Whilst many sectors of the economy are struggling, the ICT industry in Scotland is cautiously optimistic about the future. According to this year’s annual Scottish Technology Industry Survey results, 61% of respondents expect their company will continue to grow in 2009. 72% of respondents reported that their sales increased in 2008 compared to the previous year.
The annual Scottish Technology Industry Survey, commissioned by the ICT body, ScotlandIS and 9-20recruitment, provides a virtual barometer of the health of the information and communication technology sectors.
The ICT industry currently employs around 100,000 people in total in Scotland and the contribution that the sector makes to productivity growth is the fifth highest in the UK.
Polly Purvis, Executive Director of ScotlandIS said: “While the Scottish market is clearly not immune to overall market conditions, the industry does seem relatively well positioned. If nurtured properly, this sector could have a massive impact on Scotland’s long-term economy.
“The continued adoption and exploitation of ICT could generate an additional £2.8 billion of GVA to Scotland’s economy over the next 5 -7 years. Fully exploiting technology is the single most powerful lever we can employ to achieve wholesale productivity gains right across the economy.”
Unsurprisingly the survey found that there has been a significant decline in ICT business within the Financial Sector but this is counterbalanced by increasing business in Energy and Utilities, Professional Services, the Public Sector, IT and Telecommunications.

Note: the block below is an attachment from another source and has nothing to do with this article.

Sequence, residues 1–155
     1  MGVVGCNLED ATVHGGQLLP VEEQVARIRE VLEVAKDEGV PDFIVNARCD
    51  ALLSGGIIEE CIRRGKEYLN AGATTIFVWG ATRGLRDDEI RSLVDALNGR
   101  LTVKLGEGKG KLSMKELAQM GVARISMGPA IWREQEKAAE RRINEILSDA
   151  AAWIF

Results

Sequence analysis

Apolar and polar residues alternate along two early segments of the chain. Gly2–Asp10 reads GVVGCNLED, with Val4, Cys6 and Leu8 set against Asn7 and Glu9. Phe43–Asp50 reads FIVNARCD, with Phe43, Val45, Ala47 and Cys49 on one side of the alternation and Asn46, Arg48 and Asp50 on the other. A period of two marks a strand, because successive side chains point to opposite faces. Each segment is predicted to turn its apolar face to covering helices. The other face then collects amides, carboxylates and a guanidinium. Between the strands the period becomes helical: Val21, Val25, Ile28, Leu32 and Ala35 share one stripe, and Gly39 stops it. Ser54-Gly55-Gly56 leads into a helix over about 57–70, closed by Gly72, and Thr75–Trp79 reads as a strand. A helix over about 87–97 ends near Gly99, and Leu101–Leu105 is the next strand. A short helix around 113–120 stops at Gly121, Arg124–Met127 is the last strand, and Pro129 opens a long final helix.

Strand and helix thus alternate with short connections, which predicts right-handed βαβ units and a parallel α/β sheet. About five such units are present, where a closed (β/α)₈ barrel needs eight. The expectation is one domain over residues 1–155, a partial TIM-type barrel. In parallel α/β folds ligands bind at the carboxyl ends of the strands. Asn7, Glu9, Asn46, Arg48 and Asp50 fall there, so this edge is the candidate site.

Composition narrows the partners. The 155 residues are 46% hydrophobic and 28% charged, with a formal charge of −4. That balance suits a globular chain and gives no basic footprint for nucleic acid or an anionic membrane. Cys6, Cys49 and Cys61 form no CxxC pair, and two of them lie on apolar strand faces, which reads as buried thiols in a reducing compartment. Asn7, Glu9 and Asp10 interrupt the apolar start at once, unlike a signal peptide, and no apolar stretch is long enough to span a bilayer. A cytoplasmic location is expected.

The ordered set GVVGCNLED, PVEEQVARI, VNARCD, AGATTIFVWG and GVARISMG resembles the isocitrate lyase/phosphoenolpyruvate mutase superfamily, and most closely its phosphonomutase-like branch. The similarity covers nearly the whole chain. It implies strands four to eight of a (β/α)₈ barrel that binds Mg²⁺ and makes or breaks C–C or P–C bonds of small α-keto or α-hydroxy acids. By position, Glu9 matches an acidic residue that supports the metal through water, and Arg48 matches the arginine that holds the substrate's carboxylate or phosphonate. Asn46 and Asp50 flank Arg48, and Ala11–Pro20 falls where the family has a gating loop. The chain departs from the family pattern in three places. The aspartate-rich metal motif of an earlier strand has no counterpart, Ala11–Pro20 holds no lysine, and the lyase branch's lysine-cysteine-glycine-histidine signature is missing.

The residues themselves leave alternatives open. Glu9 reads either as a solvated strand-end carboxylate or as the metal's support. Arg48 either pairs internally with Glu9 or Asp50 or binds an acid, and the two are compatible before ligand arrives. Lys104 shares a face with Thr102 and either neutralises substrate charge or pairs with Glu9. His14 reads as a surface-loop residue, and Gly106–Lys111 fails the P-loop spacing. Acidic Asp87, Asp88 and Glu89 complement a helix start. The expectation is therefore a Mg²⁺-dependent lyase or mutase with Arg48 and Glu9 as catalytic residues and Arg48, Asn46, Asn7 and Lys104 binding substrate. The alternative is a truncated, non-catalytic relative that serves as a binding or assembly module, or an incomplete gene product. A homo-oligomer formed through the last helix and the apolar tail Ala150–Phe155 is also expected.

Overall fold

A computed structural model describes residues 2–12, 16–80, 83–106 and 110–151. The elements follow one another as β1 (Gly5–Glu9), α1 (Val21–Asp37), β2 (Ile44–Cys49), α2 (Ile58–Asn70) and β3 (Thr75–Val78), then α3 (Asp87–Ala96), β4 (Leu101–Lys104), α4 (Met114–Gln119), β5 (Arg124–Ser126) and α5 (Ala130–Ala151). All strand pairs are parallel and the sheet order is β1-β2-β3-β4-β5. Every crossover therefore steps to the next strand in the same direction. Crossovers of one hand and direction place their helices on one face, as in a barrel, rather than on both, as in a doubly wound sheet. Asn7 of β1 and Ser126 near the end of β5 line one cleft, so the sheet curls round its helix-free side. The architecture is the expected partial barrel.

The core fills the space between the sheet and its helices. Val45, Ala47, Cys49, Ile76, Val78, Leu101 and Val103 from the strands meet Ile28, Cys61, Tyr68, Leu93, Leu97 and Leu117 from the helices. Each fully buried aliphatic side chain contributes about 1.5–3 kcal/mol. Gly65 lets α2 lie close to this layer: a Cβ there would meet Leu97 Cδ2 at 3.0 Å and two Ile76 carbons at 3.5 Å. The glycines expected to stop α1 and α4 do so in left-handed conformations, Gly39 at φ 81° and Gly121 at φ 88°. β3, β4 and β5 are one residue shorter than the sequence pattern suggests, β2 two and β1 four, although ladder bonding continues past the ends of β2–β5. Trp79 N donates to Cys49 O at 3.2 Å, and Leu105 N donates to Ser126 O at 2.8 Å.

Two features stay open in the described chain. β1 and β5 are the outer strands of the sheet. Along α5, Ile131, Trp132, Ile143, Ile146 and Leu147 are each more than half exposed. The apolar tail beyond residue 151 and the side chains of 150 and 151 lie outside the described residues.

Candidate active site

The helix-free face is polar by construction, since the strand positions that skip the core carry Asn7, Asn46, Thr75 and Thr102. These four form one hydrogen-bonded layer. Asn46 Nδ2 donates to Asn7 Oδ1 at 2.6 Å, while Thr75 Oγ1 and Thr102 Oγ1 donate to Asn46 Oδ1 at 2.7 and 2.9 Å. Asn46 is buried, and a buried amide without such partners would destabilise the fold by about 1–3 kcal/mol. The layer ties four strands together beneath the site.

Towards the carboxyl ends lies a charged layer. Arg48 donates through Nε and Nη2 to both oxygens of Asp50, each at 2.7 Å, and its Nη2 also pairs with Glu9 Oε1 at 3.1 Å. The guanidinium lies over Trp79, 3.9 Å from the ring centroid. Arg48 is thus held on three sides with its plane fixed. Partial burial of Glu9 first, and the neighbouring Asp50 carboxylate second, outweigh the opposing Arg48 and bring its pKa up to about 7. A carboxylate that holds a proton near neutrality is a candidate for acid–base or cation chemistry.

The main players for growth amongst the ICT industry this year will be SMEs of less than 35 employees. Ecommerce and web businesses within this sector are the most optimistic.
Although the survey highlights a positive outlook overall for the Scottish industry, respondents are fully aware of the challenges that the current operating environment holds. Companies are exercising a ‘belt and braces’ approach by using stringent financial controls and closer scrutiny over overhead and direct costs. Whilst the majority of respondents (53%) reported little change in cash flow, a significant minority (42%) reported increasing difficulties, with main issues being delays in payments from customers and banks amending terms.
Polly Purvis continued: “The ICT sector has experienced tough times before, so is pretty lean and mean already. As you may expect in this sector, 50% said they were scrutinising travel costs. Perhaps as a result of this, they appear to be leading the field on the use of video and teleconferencing, as well as web based sales tools.”
ICT businesses are also exercising a cautious approach to recruitment. While last year 81% of respondents expected the increase staff numbers, this has almost halved this year to only 46%. The biggest area for skills demand now lies in sales and marketing and in software and web development positions.
Worryingly, the volume of senior positions has completely dropped off the radar and none of the respondents saw graduates as a major area for growth in 2009.
Wendy McDougall of 9-20 recruitment said: “Companies are increasingly cutting out senior managers and consultants which could be a risky strategy. This, coupled with the fact that hundreds of newly qualified graduates will be hitting the market in the summer, means the main challenge is how to retain this talent in Scotland. The current economic conditions have now reached Scotland’s technology companies but as is evident from this year’s report the effects are far less detrimental than first expected. With survey participants also keen to put forward their suggestions on how the market could be stabilised it’s clear that any difficulties will be dealt with head on.”